The Primary Is Over. Here’s What Hillary Clinton Needs to Do Next.

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Hillary Clinton in Brooklyn on Tuesday with her husband, former President Bill Clinton; daughter, Chelsea Clinton; and son-in-law, Marc Mezvinsky. CreditDoug Mills/The New York Times
Hillary Clinton enters the general election with considerable advantages over Donald J. Trump: She has a stronger and better-funded organization, and the electoral map is tilted in her favor. President Obama’s endorsementon Thursday accelerated the process of rallying Democrats around her candidacy.
Mrs. Clinton now has a chance to exploit that edge, while Mr. Trump struggles to bring together the Republican Party and build an effective campaign organization.
Here are some key things Mrs. Clinton could do to press her advantage in the coming weeks:

Head off Trump in the Midwest

It is no accident that Mrs. Clinton’s first campaign swing of the general election will take her next week to Ohio and Pennsylvania, and that her first joint rally with Mr. Obama will be in Wisconsin. Mr. Trump has long vowed to compete in traditionally Democratic-leaning Midwestern states, viewing the Rust Belt as the cornerstone of his electoral map.
Given Mr. Trump’s dismal standing with Latino voters, his prospects look tenuous in traditional swing states like Colorado, Florida and Nevada. That means his most realistic path to victory runs not only through Ohio, a perennial battleground, but also through states like Michigan and Pennsylvania that have not voted Republican in a generation. If Mrs. Clinton can fortify her support in these areas, Mr. Trump’s electoral map may disintegrate.

Attack his edge on the economy

Economic issues remain a rare area of strength for Mr. Trump in the general election. A New York Times/CBS News poll last month found that a majority of voters viewed Mr. Trump unfavorably and lacked confidence in his ability to be commander in chief. But half of voters said they were confident that he would make good decisions on the economy, giving him a hairbreadth edge over Mrs. Clinton on the issue.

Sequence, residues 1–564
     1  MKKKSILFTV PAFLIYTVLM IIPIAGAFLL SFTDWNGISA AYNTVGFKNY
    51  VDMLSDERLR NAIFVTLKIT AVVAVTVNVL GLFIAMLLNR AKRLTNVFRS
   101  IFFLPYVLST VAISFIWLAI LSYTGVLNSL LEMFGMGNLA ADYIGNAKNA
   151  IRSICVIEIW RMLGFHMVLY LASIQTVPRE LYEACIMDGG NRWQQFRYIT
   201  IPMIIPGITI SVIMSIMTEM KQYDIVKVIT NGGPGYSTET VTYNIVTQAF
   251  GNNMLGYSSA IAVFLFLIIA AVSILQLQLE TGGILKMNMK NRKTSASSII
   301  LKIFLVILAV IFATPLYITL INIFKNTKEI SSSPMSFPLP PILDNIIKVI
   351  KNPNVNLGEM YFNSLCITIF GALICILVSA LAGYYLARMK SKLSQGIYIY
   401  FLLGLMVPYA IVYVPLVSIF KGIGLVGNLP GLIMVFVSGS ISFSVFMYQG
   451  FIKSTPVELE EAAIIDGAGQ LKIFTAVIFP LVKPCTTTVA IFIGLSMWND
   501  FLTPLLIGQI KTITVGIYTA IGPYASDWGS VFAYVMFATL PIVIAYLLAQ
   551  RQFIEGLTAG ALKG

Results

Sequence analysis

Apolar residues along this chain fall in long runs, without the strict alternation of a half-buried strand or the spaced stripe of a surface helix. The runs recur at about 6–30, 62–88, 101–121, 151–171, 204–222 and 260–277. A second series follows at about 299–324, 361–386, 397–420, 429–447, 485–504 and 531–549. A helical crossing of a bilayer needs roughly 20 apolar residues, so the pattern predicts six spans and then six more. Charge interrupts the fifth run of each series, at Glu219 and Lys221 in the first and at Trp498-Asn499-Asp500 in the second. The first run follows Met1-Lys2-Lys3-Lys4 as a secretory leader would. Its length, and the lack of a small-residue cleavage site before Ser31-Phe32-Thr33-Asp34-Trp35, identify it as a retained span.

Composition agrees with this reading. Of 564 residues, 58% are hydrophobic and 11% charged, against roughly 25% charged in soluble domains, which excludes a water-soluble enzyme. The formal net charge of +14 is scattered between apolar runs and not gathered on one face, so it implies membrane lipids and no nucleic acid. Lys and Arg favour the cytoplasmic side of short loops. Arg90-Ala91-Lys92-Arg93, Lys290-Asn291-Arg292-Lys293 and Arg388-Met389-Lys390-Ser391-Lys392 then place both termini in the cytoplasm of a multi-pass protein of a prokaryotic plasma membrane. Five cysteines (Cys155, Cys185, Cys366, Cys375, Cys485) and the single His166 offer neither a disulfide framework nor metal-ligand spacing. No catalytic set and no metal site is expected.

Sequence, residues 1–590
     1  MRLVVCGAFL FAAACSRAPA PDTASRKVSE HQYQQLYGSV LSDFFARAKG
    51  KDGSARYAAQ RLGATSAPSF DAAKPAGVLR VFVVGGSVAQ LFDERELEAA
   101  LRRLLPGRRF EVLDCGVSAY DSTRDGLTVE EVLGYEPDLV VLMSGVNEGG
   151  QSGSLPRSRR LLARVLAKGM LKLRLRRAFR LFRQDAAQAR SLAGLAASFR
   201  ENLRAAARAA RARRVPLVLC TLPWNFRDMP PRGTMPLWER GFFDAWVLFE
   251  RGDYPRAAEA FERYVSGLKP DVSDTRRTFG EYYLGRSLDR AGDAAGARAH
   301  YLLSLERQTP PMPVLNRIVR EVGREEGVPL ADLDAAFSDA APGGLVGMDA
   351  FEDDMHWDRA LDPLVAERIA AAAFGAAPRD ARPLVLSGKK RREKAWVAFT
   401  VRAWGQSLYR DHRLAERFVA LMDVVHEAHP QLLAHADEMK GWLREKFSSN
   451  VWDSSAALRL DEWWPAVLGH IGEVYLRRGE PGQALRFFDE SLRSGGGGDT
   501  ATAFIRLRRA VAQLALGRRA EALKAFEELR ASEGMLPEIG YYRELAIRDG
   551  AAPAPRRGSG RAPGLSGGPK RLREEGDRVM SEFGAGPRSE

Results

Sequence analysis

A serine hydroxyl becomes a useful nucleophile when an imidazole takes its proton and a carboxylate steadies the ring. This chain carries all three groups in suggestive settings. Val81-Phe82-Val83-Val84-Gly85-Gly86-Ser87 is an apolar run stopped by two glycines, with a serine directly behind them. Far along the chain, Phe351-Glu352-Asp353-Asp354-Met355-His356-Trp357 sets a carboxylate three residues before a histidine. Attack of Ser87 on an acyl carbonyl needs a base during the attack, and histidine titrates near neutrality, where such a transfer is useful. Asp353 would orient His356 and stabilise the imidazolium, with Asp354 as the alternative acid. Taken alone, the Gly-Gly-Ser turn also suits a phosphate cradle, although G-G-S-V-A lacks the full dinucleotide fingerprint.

During the Democratic primary, Mrs. Clinton spoke often about economic fairness and tried to reassure liberal voters anxious about rising inequality. She now has an opening to communicate in more concrete terms how she would bring about broad prosperity — and to attack some of Mr. Trump’s more controversial proposals, like his offhand suggestion that the United States print more money to pay its debts.

Look beyond Bernie Sanders to his voters

Mr. Sanders may take some time to wind down his candidacy and give a full endorsement to Mrs. Clinton. But she doesn’t need to wait for his signal to start courting his most energetic voters, whose support she will need to beat Mr. Trump in November.
The hope among Clinton allies is that she can bring reticent liberals on board with a sharp message of contrast with Mr. Trump, rather than an explicit campaign to placate the pro-Sanders left. Sanders supporters, however, say they hope to hear new talk from Mrs. Clinton about the issues at the core of his campaign, like raising the minimum wage and ridding the political system of big money.

Roll out some Republican admirers

Mrs. Clinton has signaled repeatedly, including in her victory speech on Tuesday, that she plans to go after Republican votes in the general election. But she has been viewed with distrust (or worse) on the right for a generation now, and persuading anti-Trump Republicans to support her may require a more direct appeal.
There is a history of candidates’ showcasing across-the-aisle support at their party’s convention: Senator Joseph I. Lieberman of Connecticut, an independent who caucused with Democrats, trumpeted John McCain in 2008, and Senator Zell Miller of Georgia gave George W. Bush a big lift in 2004. Look for prominent Republican faces when the Democrats gather in Philadelphia to nominate Mrs. Clinton next month.

Keep the fight over the platform civil

As the nomination slipped out of reach for Mr. Sanders, his campaignpledged to push for changes to the Democratic platform that reflect his campaign’s ideological priorities. And Mr. Sanders has named some provocative allies, including the activist professor Cornel West, to the committee that will shape the party’s formal statement of principles.
The challenge for Mrs. Clinton will be placating the Sanders bloc and avoiding an unsightly spat, without committing to changes that undermine her own agenda. The trickiest debate may come over Middle East issues, as Mr. Sanders has called periodically for a break from the traditional American policy of lock-step support for Israel.

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